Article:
895.475 Safety Inspection or Advisory Services 895.497 Child Safety Restraint Safety Services 895.527 Sports Shooting Range Activities 895.48 Emergency Medical Care 895.506 Obesity Claims 895.529 Trespassers 895.4802 Hazardous Materials 895.51 Donations of Food or Emergency Household Products 895.53 Tests for Intoxication 895.4803 Paternity Information 895.512 Access to Toilets 895.54 Notification of Release 895.481 Equine Activities 895.514 HIRSP 895.55 Oil Discharge Control 895.482 Ski Patrol Members 895.515 Equipment or Technology Donations 895.555 Anhydrous Ammonia 895.483 Emergency Response Teams And Sponsoring Agencies 895.517 Solid Waste Donation or Sale 895.56 DOT Handling of Petroleum-Contaminated Soil 895.485 Foster and Family-Operated Group Home Parents 895.52 Recreational Activities 895.57 Unauthorized Release of Animals 895.486 Insurance Fraud Reports 895.523 School Recreational Activities 895.58 Use of Special Waste Under Public Works Contracts 895.487 Employment References 895.524 Agricultural Tourism Activity 895.61 Asbestos …
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Similarities and Differences Between Tort Laws

This particular article will focus on three subsets:

  1. Comparative Fault;
  2. Statutes and Limitations; and
  3. Subrogation 

Comparative Fault

Comparative fault is a legal doctrine whereby the negligence of parties who contribute to injury are measured in terms of percentage. Any damages allowed are diminished in proportion to the amount of negligence attributed to the person for whom injury recovery is sought. Recovery is not barred provided the plaintiff’s percentage of fault does not exceed that of the defendants.

Both Minnesota and Wisconsin are considered Modified Comparative Fault states. In both states, the defendant’s assigned liability will be reduced in direct proportion to the plaintiff’s assigned liability.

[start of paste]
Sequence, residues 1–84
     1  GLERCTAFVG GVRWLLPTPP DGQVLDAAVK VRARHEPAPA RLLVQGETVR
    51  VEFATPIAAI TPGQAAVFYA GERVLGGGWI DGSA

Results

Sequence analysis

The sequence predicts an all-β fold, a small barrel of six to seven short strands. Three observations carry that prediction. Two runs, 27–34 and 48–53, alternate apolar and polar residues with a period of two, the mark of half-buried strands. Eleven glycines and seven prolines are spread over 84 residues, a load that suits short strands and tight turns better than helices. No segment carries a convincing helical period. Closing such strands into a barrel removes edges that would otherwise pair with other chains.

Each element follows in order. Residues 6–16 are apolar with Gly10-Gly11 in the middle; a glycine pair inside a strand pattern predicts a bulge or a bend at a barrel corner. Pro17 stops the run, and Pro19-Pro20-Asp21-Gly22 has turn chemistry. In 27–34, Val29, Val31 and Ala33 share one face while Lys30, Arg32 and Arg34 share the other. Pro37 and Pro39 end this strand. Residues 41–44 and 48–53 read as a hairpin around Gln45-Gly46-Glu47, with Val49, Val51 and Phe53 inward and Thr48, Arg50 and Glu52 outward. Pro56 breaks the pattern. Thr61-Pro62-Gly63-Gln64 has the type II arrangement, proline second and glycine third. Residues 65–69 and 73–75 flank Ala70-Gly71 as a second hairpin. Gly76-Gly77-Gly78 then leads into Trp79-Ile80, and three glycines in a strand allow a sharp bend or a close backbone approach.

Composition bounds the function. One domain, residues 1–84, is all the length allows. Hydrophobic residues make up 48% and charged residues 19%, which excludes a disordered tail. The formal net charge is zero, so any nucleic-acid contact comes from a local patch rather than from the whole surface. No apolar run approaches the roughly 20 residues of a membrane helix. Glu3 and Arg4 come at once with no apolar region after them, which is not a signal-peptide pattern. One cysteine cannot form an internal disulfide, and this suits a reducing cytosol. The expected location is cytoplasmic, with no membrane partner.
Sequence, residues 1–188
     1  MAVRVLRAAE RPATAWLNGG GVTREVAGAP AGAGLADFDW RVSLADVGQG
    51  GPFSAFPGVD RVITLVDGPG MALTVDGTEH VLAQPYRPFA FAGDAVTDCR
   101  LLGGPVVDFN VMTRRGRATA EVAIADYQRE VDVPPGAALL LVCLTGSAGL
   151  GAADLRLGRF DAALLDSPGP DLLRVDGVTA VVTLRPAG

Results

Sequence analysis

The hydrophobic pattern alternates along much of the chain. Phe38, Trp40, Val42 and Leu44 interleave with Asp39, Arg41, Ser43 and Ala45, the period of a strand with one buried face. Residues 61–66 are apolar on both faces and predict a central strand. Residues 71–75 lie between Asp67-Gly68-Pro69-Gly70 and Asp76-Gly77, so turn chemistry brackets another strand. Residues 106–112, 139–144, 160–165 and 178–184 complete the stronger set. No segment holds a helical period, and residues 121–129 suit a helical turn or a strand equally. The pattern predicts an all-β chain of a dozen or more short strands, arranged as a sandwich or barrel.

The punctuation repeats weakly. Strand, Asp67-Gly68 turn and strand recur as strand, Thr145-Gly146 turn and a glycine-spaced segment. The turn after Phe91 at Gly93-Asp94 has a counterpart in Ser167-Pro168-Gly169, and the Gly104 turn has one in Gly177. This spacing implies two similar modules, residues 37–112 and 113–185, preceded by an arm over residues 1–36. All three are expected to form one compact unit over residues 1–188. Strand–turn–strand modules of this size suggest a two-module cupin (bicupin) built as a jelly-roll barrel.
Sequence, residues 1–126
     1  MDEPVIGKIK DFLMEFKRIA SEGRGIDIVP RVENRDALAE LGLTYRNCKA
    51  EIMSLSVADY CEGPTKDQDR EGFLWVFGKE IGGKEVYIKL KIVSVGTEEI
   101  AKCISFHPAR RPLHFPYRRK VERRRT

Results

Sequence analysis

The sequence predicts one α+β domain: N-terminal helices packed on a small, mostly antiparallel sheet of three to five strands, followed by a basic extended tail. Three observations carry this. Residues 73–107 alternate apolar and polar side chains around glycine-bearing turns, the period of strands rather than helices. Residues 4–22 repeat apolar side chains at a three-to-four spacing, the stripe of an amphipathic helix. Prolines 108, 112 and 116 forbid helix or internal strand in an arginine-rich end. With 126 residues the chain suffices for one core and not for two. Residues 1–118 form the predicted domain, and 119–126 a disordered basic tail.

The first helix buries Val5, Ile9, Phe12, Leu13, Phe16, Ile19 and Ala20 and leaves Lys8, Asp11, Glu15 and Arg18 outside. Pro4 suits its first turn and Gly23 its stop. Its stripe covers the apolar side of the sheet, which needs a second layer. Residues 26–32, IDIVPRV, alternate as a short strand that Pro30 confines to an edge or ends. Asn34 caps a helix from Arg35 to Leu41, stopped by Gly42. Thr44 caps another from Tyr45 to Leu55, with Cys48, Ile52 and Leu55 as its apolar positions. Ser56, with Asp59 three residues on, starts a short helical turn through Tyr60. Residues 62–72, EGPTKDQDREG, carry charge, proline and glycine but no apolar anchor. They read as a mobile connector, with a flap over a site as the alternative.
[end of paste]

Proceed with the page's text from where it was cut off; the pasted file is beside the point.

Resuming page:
Statute of Limitations

Statutes of limitations are laws defining the period of time available to bring a lawsuit or certain kinds of legal action.  The statutes of limitations vary between states, as do the laws that govern them. The limitations outlined below are general. Special circumstances require analysis, so it is recommended that you consult an attorney if you have questions regarding your unique case.

Personal Injury/Motor Vehicle Accidents: Minnesota – 6 years …
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I Feel Like My Case is Worth More…What Do I Do? Understanding the Value of Your Personal Injury Case.

Personal Injury attorneys get asked about the value of cases often. Due to the number of aspects that can affect a claim’s value, or the insurer’s willingness to make a particular offer, it can be difficult to accurately estimate a claim’s worth. With that said, an experienced personal injury attorney can review several key factors of your case to help set the stage for a successful outcome.

First, the question of liability comes into play. Who’s at fault? If you bear any portion of fault for the accident, you may consider accepting a lower settlement. Your attorney should be able to evaluate liability by reviewing the accident report and police narrative, if one exists. In some instances, there is a shared agreement between the parties involved not to contact police following an accident. Please note that this is not usually advisable. In the absence of a formal accident report, there is no documented proof of liability or guarantee of credible insurance information for a potential claim for damages.

The weather conditions at the time of the accident can also factor …